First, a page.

Editor's note: An earlier version of this story reported an incident involving treatment of a patient at Providence Medical Center in Everett, Wash., and Children’s Hospital in Seattle. The patient’s case involved other programs at the hospitals, not their emergency departments.
Overcrowded hospital emergency rooms are at the breaking point across the country, with potentially deadly consequences for heart attack victims and other extremely critical patients, doctors warn.
The logjam is the result of a variety of factors, from the number of patients who seek care for non-emergency conditions, to budget cuts, to nursing shortages, to the closing of failing hospitals.
“We don’t have enough resources,” said Dr. Kristin E. Harkin, former national president of the Emergency Medicine Residents Association. “As our nation’s population has grown and aged, the number of emergency departments has decreased.”
Research verifies what Harkin and other doctors are saying. In a report last month, researchers at Harvard Medical School reported that patients seeking urgent care were waiting much longer than in the 1990s, especially heart attack victims.
The national data, reported by a team led by Dr. Andrew Wilper, found that on average, heart attack patients waited 20 minutes in 2004 for treatment upon arrival at an emergency room, 2½ times longer than in 1997. A quarter of heart attack victims waited 50 minutes or more.
Overall, the number of emergency room visits rose 18 percent from 1994 to 2004, even as the number of hospitals with round-the-clock emergency rooms fell by 12 percent over the same period.
The crisis is especially acute at publicly funded facilities, which are critical because they have traditionally guaranteed treatment to all comers. Public hospitals make up only 2 percent of the nation’s hospitals but treat roughly 25 percent of the nation’s emergency patients.
“It’s a combination of budget cuts at almost every level of government, increased numbers of uninsured, increased demand on the emergency room and trauma systems,” said Dr. Larry S. Gage, president of the National Association of Public Hospitals and Health Systems.
‘It’s ... going to get worse’
The strain has created a common phenomenon called “boarding,” in which patients who are admitted through the emergency room stay there, sometimes for days at a time, while waiting for beds to open up. In a ripple effect, they occupy facilities and resources needed for legitimate emergency care, leaving emergency patients to linger in waiting rooms until they can be seen.
“That’s the No. 1 cause of crowding conditions in emergency departments,” said Harkin, an attending physician at New York Presbyterian Hospital and board member of the New York chapter of the American College of Emergency Physicians.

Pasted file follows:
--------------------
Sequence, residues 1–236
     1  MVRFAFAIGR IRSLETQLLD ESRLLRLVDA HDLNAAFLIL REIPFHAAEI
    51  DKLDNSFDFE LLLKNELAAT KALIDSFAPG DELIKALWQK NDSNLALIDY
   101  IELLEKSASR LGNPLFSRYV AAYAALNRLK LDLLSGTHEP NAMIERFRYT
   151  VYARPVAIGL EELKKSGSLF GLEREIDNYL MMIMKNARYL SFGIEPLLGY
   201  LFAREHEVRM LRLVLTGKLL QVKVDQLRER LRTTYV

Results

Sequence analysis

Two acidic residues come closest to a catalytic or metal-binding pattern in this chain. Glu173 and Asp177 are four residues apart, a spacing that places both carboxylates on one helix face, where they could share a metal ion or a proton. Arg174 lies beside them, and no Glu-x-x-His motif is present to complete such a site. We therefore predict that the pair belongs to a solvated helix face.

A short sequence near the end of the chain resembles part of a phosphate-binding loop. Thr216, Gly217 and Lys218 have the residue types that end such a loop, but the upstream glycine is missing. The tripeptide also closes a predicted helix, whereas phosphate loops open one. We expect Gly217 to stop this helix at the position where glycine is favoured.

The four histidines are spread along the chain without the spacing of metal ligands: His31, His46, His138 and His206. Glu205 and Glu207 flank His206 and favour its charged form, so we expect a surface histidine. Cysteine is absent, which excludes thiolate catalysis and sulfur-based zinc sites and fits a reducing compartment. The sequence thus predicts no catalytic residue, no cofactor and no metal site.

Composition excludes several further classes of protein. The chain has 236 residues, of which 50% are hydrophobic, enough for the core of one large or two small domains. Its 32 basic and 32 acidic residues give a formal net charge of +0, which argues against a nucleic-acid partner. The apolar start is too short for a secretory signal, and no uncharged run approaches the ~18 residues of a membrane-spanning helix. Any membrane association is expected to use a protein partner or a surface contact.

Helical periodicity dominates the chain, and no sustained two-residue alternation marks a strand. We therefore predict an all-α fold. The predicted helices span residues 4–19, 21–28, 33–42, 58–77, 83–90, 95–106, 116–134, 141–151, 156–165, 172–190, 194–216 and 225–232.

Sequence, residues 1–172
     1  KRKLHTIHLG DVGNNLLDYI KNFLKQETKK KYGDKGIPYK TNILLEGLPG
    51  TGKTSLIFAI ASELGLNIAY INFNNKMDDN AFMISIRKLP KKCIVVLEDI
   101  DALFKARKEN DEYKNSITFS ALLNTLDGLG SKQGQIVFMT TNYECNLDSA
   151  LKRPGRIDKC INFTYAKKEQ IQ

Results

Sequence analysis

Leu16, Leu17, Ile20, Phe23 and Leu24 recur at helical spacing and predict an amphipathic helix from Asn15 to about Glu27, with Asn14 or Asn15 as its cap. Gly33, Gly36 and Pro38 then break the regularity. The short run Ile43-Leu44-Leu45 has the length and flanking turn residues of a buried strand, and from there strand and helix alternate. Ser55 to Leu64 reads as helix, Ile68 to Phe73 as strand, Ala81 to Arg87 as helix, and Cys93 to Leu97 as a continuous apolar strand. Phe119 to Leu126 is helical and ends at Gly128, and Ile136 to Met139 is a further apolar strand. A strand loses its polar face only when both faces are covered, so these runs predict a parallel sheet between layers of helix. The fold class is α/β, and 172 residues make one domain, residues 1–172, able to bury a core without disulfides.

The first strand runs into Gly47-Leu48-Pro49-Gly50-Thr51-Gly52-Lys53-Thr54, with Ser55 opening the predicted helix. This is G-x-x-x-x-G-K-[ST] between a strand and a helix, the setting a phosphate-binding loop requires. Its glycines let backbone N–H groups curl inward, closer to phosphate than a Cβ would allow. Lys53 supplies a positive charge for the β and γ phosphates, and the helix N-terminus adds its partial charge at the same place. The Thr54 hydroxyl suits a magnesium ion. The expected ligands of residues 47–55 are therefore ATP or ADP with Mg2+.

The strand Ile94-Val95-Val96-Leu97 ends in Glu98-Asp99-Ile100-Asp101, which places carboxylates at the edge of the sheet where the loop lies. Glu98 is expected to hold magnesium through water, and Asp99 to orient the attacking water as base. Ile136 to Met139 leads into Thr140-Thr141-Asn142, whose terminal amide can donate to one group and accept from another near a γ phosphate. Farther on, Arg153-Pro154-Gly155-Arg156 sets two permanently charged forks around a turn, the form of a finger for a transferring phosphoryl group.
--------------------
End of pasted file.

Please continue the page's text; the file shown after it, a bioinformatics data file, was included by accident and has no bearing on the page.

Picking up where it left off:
Harkin knows of one patient who stayed in an emergency room for 57 hours. Besides finding such waits “extremely frightening to endure,” these patients, many of whom arrive with weakened immune systems, remain vulnerable to exposure to contagions that could be borne by trauma patients.
Some hospitals are resorting to rejecting emergency patients when things get too busy.
“If a person’s in a major accident and they can’t get to the nearest, best facility, of course there would be some danger involved,” said Rob Menaul, senior vice president of the Washington State Hospital Association.
Menaul pointed to a shortage of emergency physicians and nurses, saying patients could face long waits or transfers even if a hospital has plenty of space.
“Is there enough staff to staff the beds that might be available? That’s a continuing problem, and it’s also going to get worse,” he said.
Bad flu season adds to burden
When 17-month-old Riley Smith of Sacramento, Calif., suffered a deep cut in his lip last month, he had to wait hours in the emergency room before he was seen, and he wasn’t through waiting.
“We had to wait quite a few hours, actually, before he even got back there,” said Riley’s mother, Faith Smith. “Once he got back into the room, it was, like, several more hours.”
Dr. Richard Isaacs, physician-in-chief at Kaiser Permanente South Sacramento, said the facility was overwhelmed by a flood of flu cases, echoing a common refrain of doctors and administrators this year.
“Our limited emergency medical resources quickly become overburdened with minor illnesses, and it is much harder for people with serious illnesses to get the treatment they need in a timely manner,” the Department of Emergency Services in Kern County, Calif., in the Bakersfield area, said recently in a public plea.
Dr. Jeffrey Sternlicht, chairman of emergency medicine at Greater Baltimore Medical Center in Towson, Md., said his hospital, too, had been overrun, especially in January, when it saw three times the number of positive flu cases over the same period last year. The hospital urged flu patients to stay away from the emergency room.
“There are not enough emergency beds or hospital beds in Maryland right now or nationwide,” Sternlicht said.